Sites & cities that bear the name of Aléria


Today in : France
First trace of activity : 565 B.C.E
Last trace of activity : today
Recorded names : Alalia, Ἀλαλίη, Ἀλλαλία, Alaliē, Allalía, Calaris, Nicaea, Aleria, Syracusium, U Cateraghju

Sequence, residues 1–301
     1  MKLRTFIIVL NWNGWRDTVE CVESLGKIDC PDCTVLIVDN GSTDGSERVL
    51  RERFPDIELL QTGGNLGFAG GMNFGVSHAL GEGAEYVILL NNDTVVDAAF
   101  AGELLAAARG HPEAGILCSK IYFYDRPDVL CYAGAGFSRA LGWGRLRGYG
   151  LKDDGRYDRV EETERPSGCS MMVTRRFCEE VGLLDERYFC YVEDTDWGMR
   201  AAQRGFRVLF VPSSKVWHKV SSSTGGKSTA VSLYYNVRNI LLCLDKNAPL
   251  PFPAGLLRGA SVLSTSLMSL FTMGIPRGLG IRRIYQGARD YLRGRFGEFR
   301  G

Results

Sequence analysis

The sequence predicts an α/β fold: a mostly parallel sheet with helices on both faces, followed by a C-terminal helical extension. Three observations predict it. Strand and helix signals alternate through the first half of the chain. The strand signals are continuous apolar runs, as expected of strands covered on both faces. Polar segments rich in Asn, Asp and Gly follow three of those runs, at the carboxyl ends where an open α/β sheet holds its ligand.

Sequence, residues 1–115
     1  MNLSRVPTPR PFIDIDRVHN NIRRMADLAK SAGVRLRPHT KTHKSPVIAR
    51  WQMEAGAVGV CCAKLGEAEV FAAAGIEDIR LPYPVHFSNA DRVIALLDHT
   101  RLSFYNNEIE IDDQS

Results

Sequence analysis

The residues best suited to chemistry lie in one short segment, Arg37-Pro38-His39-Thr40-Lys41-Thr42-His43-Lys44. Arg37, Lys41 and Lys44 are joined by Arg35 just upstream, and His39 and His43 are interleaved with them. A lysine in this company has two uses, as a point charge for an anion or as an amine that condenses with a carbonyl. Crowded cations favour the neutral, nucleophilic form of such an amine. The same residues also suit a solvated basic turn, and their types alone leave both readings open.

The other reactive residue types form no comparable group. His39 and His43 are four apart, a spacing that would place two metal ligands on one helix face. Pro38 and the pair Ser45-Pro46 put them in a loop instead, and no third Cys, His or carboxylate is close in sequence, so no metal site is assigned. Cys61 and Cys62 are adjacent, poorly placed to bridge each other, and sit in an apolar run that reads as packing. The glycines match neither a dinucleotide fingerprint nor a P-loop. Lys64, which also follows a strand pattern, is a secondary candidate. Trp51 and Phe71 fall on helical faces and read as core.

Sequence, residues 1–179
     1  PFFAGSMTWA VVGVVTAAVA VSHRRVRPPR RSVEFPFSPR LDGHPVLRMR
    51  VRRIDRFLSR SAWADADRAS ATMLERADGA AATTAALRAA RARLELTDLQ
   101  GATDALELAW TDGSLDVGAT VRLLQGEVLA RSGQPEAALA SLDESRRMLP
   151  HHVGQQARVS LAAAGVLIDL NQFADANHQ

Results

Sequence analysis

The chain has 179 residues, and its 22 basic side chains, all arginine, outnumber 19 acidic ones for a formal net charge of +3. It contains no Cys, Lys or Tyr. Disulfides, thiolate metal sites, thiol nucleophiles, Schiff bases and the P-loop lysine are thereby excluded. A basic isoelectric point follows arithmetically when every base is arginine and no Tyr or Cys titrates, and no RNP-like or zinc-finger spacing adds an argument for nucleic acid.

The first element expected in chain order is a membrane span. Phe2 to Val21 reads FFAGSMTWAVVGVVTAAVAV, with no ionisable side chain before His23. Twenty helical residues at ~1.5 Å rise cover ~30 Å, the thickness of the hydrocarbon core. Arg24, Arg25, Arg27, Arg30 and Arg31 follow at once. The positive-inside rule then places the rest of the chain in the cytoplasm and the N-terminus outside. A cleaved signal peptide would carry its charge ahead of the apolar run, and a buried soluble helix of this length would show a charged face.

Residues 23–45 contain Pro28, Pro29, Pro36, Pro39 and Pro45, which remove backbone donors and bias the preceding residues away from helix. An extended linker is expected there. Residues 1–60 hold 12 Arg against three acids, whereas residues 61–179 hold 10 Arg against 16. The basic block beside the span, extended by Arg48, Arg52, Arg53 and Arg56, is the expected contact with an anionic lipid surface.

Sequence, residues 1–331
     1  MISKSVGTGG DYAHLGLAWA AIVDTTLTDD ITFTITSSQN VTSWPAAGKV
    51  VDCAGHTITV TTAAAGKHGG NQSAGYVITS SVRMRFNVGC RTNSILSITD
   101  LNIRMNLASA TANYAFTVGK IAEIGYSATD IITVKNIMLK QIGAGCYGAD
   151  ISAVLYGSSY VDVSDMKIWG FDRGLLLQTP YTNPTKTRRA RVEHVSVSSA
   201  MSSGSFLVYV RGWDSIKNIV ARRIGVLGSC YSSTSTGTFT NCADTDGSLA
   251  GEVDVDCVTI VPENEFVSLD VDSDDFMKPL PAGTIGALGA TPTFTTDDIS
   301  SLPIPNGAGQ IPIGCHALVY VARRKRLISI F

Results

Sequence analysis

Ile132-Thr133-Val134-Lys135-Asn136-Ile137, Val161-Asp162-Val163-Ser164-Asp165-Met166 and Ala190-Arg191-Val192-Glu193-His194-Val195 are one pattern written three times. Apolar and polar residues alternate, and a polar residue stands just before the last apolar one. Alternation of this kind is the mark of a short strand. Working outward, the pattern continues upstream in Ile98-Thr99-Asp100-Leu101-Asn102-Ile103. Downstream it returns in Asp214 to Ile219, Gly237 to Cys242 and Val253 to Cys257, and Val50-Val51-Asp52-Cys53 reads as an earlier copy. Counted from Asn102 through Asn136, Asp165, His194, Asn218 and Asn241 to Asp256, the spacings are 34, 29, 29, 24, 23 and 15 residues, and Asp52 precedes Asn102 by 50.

Description : Aléria (Ancient Greek: Ἀλαλίη/Ἀλλαλία, Alalíē/Allalía; Latin and Italian: Aleria; Corsican: U Cateraghju) is a commune in the Haute-Corse department of France on the island of Corsica, former bishopric and present Latin Catholic titular see. It includes the easternmost point in Metropolitan France. According to Herodotus twenty years before the abandonment of Phocaea in Ionia, that is, in 566 BC, Phocaeans colonizing the western Mediterranean founded a city, Alalíē, on the island of Cyrnus (Corsica). Diodorus Siculus says that the city was named Calaris, possibly a corruption of Alalíē. The historical circumstances of Calaris leave no doubt that it was Aleria. Diodorus says that Aleria had a "beautiful large harbor, called Syracusium," that Calaris and another city, Nicaea, were on it, and that Nicaea had been built by the Etruscans. Syracusium can only be the Étang de Diane, a lake exiting to the Tyrrhenian Sea. As Aleria and Nicaea were trade rivals it seems unlikely that the Etruscans would have allowed the Phocaeans, who were ancient Greeks, access to Étang de Diane. Nicaea is generally identified with the La Marana district further north, where the Romans later built a city, Mariana, on the Étang de Biguglia, a better harbor. Diodorus says that the cities of Corsica were subject to the Phocaeans and that the latter took slaves, resin, wax and honey from them. Alalíē was then an emporium. Of the natives whom the Phocaeans subjugated Diodorus says only that they were "barbarians, whose language is very strange and difficult to understand" and that they numbered more than 30,000. At home Phocaea was the first city of Ionia to come under siege by the army of Cyrus, who were Medes commanded by Harpagus, in 546 BC. Requesting a cease-fire the Phocaeans took to their ships, abandoning the city to Harpagus, who allowed them to escape. Refused permission to settle Oenussae in the territory of Chios they resolved to reinforce Alalíē, but first made a surprise punitive raid on Phocaea, executing the entire Persian garrison. At this success half the Phocaeans reinhabited Phocaea; the other half settled in the vicinity of Alalíē. In Corsica they were so troublesome to the Etruscans and to the Carthaginians of Sardinia that the two powers sent a combined fleet of 120 ships to root them out, but this force was defeated by 60 Phocaean ships at the Battle of Alalia in the Sardinian Sea, which Herodotus describes as a Cadmeian victory (his equivalent of a Pyrrhic victory) because the Greeks lost 40 ships sunk and the remaining 20 so damaged as not to be battle-worthy. Now unable to defend themselves, the Phocaeans took to their remaining ships and sailed off to Rhegium, abandoning Alalíē. The Etruscans landed the numerous Phocaean prisoners and executed them by stoning, leaving the bodies where they lay until the oracle compelled a proper burial. As the Carthaginians were not then interested in Corsica, the Etruscans occupied Alalíē and took over dominion of the island, which they held until the Romans took it from them.

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